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Wood from the Carolinas is increasingly being used overseas for energy. While the industry creates jobs, communities are also paying a price. Our ongoing coverage looks at the local and global policy debate and the communities feeding the world’s appetite for wood energy.

Shares of wood pellet maker Enviva plummet as losses widen

Enviva's Northampton County, N.C., wood pellet plant.
David Boraks
Enviva's Northampton County, N.C., wood pellet plant.

Enviva, the world's largest maker of wood pellets with four plants in North Carolina, saw its stock price plummet this week after it canceled its dividend and told investors it expects bigger losses to come.

Enviva's shares fell about 60% after Wednesday's announcements. The Maryland-based company posted a bigger-than-expected loss for the first three months of 2023 as European customers delayed pellet orders and expenses ballooned for unplanned repairs and maintenance.

CEO Thomas Meth acknowledged it was a disappointing start to the year.

“Our results this quarter were much softer than we expected. Mainly driven by (a) cost position that is not acceptable. But we believe it can be remedied in the short term," Meth said.

Enviva said it now expects a larger-than-expected loss for the full year. To save money, it will stop paying a dividend to shareholders, though it promised to buy back shares. The company is also is trimming other costs.

The company also announced a new 10-year contract with a Japanese customer, which Meth said is a sign of continued growth.

"Our industry continues to be persistently structurally short supply. So signing new contracts like the one we just announced means new production capacity must get built. And therefore these new contracts are underwriting our large-scale fully contracted capacity expansions," Meth said.

Enviva cuts down trees and turns them into wood pellets at plants across the South, then ships them to Europe and Asia where they're burned in place of coal and classified as clean energy. But that designation is controversial among many scientists and environmental groups. They would rather see renewable energy like wind and solar expanded, not wood substituted for coal. And they note that wood burns dirtier than coal and that producing and shipping pellets creates more carbon pollution.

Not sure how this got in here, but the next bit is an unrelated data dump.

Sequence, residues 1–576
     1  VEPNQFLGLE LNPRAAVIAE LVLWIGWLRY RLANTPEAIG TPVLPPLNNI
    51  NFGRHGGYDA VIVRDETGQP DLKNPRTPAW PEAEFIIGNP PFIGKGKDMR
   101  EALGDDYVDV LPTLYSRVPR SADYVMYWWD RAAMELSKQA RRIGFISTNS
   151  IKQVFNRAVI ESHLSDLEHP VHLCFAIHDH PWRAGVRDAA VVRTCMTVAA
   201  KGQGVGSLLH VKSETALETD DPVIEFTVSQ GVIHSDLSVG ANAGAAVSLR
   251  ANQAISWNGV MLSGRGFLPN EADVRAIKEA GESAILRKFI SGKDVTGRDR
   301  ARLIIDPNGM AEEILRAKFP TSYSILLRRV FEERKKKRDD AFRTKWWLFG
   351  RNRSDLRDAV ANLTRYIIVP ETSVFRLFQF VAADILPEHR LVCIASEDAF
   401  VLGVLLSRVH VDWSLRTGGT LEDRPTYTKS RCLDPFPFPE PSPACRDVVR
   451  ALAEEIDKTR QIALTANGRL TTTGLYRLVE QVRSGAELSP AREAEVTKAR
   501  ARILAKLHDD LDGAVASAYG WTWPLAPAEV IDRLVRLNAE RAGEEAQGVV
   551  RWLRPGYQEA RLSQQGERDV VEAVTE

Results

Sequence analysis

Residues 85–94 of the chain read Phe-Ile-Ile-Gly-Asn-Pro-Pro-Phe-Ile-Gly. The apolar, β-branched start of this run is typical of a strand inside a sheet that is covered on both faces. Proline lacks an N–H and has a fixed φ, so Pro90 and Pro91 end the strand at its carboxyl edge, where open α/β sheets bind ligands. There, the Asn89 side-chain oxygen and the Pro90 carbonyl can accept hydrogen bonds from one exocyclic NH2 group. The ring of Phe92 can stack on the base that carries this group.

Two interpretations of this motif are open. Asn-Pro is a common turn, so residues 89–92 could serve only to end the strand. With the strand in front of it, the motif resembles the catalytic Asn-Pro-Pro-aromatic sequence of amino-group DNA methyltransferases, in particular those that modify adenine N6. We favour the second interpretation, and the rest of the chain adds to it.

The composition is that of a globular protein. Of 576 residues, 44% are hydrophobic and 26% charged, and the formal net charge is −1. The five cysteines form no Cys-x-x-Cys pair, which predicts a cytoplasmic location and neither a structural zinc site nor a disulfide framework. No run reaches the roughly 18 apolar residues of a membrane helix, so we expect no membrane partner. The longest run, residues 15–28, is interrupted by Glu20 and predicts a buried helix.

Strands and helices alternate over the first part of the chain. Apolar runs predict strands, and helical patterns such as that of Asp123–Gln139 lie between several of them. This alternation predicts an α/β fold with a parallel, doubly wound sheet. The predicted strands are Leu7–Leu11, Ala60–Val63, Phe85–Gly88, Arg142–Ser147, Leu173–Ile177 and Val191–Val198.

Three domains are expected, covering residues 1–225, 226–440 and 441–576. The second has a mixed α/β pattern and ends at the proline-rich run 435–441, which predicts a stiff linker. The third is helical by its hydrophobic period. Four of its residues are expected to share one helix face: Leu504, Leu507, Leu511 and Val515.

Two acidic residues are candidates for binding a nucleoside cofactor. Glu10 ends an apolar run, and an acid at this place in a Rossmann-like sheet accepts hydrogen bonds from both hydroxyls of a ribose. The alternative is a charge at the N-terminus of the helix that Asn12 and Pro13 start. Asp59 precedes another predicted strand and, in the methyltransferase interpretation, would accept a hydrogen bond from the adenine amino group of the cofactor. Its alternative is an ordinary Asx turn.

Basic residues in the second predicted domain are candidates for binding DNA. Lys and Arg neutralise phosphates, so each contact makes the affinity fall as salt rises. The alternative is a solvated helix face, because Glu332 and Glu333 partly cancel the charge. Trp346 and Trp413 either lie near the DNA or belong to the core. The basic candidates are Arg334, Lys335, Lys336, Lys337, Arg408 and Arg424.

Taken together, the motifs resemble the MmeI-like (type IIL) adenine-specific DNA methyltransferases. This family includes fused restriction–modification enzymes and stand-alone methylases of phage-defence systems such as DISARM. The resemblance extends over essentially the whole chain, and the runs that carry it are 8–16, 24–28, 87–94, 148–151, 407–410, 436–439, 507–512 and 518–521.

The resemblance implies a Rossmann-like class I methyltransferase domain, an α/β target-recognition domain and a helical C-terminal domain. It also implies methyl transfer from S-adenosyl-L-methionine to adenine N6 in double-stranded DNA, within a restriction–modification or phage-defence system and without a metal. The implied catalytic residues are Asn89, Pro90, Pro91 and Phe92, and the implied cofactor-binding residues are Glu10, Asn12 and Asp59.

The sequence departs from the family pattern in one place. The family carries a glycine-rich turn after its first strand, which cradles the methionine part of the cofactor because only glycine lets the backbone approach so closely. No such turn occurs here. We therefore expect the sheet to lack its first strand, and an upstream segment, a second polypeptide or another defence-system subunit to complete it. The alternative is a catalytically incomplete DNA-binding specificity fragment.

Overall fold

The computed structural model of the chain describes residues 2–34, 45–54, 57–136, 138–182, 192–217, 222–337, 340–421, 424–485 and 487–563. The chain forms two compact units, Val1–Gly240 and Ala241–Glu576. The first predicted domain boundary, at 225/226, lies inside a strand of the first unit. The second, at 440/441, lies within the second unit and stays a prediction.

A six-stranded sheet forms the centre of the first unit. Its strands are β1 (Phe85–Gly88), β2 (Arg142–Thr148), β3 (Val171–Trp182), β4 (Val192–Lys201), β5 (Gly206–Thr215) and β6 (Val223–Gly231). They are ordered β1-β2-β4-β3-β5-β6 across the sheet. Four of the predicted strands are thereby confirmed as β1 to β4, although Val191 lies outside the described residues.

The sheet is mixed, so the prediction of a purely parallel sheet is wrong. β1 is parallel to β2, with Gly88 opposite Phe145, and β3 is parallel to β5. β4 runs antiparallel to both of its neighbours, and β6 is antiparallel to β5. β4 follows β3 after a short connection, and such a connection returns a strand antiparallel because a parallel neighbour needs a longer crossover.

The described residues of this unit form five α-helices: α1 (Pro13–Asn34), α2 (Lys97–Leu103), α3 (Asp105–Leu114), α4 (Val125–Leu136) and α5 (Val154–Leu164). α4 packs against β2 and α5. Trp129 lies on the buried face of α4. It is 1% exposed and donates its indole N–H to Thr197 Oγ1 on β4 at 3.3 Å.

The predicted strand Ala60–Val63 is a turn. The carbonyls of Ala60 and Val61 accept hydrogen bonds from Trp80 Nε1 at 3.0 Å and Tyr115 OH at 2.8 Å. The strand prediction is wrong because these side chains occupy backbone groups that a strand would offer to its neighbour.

The European Union is close to adopting changes to its renewable energy rules that could limit the use of wood pellets. But Meth told investors the changes are minor and won't affect the business.

"The European Union will finalize the text related to its Renewable Energy Directive 3 over the next month, which we expect will continue to provide demand tailwinds for woody biomass, given how important this renewable resource is to the net zero targets of the EU member nations," Meth said.

Enviva has four plants and a port facility in eastern North Carolina, one plant in South Carolina and one in Virginia. It’s come under fire in eastern North Carolina over concerns about air pollution and noise.

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David Boraks previously covered climate change and the environment for WFAE. See more at www.wfae.org/climate-news. He also has covered housing and homelessness, energy and the environment, transportation and business.